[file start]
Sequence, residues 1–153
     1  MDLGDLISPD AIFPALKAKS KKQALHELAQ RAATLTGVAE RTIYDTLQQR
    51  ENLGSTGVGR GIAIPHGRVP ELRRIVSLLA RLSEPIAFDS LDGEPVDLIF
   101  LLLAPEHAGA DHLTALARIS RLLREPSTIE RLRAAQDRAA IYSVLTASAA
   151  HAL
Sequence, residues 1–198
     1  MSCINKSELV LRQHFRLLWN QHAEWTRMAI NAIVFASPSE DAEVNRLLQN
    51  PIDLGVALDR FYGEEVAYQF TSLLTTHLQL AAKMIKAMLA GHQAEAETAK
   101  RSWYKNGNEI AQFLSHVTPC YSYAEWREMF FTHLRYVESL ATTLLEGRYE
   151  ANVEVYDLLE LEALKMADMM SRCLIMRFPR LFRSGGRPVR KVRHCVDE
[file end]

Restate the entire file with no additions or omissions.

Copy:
Sequence, residues 1–153
     1  MDLGDLISPD AIFPALKAKS KKQALHELAQ RAATLTGVAE RTIYDTLQQR
    51  ENLGSTGVGR GIAIPHGRVP ELRRIVSLLA RLSEPIAFDS LDGEPVDLIF
   101  LLLAPEHAGA DHLTALARIS RLLREPSTIE RLRAAQDRAA IYSVLTASAA
   151  HAL
Sequence, residues 1–198
     1  MSCINKSELV LRQHFRLLWN QHAEWTRMAI NAIVFASPSE DAEVNRLLQN
    51  PIDLGVALDR FYGEEVAYQF TSLLTTHLQL AAKMIKAMLA GHQAEAETAK
   101  RSWYKNGNEI AQFLSHVTPC YSYAEWREMF FTHLRYVESL ATTLLEGRYE
   151  ANVEVYDLLE LEALKMADMM SRCLIMRFPR LFRSGGRPVR KVRHCVDE